Depending on how far into the tunnel the vehicle gets, the TTC would have to use special vehicles instead of a standard tow truck to remove the stuck car. These incidents can take between one to eight hours to clear, Green said.
A similar incident happened in the Queens Quay tunnel in February, after an SUV was found stuck in the tunnel because the driver was “just following his GPS.” He faced a $425 fine after blocking the tunnel’s entrance.
Car stuck in Queens Quay tunnel, again, despite Do Not Enter signage Car stuck in Queens Quay tunnel, again, despite Do Not Enter signage
WASHINGTON—President Donald Trump in a tweet Wednesday denied that he had told the widow of a soldier killed in an ambush in Africa this month that her husband “must have known what he signed up for.”
But the mother of the fallen soldier stood behind the account, saying that Trump “did disrespect” the family with his comments during a phone call.
The president was reacting to a Florida congresswoman saying the family of Sgt. La David T. Johnson was “astonished” by that remark during a phone call from Trump on Tuesday. Trump said he has “proof” that the conversation did not happen as recounted by Democratic Rep. Frederica Wilson. He did not elaborate, but the claim again raised questions about whether the president tapes calls and conversations.
Wilson told MSNBC on Wednesday that Johnson’s widow, Myeshia, was shaken by the exchange.
“She was crying the whole time, and when she hung up the phone, she looked at me and said, ‘He didn’t even remember his name.’ That’s the hurting part.”
Wilson went on to say Trump “was almost like joking. He said, ‘Well, I guess you knew’ — something to the effect that ‘he knew what he was getting into when he signed up, but I guess it hurts anyway.’ You know, just matter-of-factly, that this is what happens, anyone who is signing up for military duty is signing up to die. That’s the way we interpreted it. It was horrible. It was insensitive. It was absolutely crazy, unnecessary. I was livid.”
“She was in tears. She was in tears. And she said, ‘He didn’t even remember his name.’ “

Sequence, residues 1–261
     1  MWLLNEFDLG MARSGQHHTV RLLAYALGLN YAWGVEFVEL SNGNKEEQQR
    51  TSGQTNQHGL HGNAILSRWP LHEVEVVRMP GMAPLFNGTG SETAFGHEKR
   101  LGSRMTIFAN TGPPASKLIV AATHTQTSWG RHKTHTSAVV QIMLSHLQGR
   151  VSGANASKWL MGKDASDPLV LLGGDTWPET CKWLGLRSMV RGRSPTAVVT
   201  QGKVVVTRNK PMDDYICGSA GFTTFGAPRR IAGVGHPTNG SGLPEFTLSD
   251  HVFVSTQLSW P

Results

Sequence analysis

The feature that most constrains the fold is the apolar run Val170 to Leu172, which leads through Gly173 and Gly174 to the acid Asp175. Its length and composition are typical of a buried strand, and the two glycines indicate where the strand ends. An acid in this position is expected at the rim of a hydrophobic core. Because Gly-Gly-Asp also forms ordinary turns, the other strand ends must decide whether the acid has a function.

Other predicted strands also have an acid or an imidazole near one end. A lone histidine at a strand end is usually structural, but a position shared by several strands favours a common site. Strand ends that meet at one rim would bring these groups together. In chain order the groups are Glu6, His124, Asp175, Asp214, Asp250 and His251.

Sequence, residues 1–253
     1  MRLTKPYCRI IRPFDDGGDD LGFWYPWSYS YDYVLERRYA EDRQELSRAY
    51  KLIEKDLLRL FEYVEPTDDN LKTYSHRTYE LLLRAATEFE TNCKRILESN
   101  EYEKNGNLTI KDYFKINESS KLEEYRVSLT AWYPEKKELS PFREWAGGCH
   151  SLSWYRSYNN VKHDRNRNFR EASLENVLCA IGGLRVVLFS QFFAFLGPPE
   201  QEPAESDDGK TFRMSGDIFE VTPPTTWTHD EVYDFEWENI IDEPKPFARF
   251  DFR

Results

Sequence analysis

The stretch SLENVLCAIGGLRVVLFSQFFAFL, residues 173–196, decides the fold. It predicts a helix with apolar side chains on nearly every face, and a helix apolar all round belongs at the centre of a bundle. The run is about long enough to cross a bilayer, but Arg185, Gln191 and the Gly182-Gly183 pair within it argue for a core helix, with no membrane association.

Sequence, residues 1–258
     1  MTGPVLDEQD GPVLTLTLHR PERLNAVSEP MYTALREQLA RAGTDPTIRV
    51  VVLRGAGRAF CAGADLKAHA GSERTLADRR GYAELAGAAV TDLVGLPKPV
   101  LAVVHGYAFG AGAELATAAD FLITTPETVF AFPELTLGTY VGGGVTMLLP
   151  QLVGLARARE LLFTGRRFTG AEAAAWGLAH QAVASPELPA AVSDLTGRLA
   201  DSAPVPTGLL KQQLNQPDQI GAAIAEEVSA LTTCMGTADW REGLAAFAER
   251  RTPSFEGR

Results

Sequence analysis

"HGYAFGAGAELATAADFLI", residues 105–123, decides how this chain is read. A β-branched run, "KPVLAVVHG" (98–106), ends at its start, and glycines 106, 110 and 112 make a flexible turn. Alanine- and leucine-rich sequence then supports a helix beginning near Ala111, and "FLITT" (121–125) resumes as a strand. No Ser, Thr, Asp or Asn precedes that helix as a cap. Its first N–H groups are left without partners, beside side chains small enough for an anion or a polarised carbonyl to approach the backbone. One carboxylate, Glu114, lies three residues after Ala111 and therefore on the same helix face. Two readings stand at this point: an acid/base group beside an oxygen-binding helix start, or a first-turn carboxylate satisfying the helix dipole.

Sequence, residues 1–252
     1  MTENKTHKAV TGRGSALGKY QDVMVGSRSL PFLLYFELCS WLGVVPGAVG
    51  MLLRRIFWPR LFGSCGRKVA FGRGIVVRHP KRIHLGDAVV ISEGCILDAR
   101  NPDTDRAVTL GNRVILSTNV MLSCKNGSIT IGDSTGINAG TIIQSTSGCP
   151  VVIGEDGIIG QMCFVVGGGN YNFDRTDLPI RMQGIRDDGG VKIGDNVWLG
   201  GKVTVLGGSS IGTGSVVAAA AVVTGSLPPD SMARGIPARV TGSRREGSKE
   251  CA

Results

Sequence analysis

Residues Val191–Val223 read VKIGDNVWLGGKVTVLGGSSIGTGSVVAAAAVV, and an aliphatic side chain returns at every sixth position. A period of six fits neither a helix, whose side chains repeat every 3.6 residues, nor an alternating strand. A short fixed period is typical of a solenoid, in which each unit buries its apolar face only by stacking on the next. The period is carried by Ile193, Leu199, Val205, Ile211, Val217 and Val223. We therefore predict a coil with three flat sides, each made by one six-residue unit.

On Tuesday, Wilson told The Washington Post that Trump had told Johnson’s widow, “He knew what he was signing up for, but I guess it hurts anyway.”
Wilson said she was riding in a limousine with Johnson when the president called, and said she heard the conversation on speakerphone.
“He made her cry,” Wilson said.
Johnson’s mother, Cowanda Jones-Johnson, told The Post on Wednesday that she was in the car during the call from the White House and that “President Trump did disrespect my son and my daughter and also me and my husband.”
Jones-Johnson, speaking to The Post via Facebook Messenger, declined to elaborate.
But asked whether Wilson’s account of the conversation between Trump and the family was accurate, she replied: “Yes.”
The White House did not confirm or deny Wilson’s account on Tuesday.
“The President’s conversations with the families of American heroes who have made the ultimate sacrifice are private,” a White House official said in a statement.
The White House had said Tuesday that Trump placed calls Tuesday to the families of all four service members killed in Niger on Oct. 4. The calls followed Trump’s claims Monday and Tuesday that his Democratic predecessor, President Barack Obama, had not often made such calls to families. Former Obama administration officials strongly dispute that claim, saying Obama engaged families of fallen service members in various ways throughout his presidency.
Johnson, 25, of Miami Gardens, Fla., was found dead after initially being reported as missing after the attack.
He was a driver assigned to 3rd Special Forces Group (Airborne) based in Fort Bragg, N.C.
‘Trump did disrespect my son’: Mother backs report of president’s ‘horrible’ call to soldier’s widow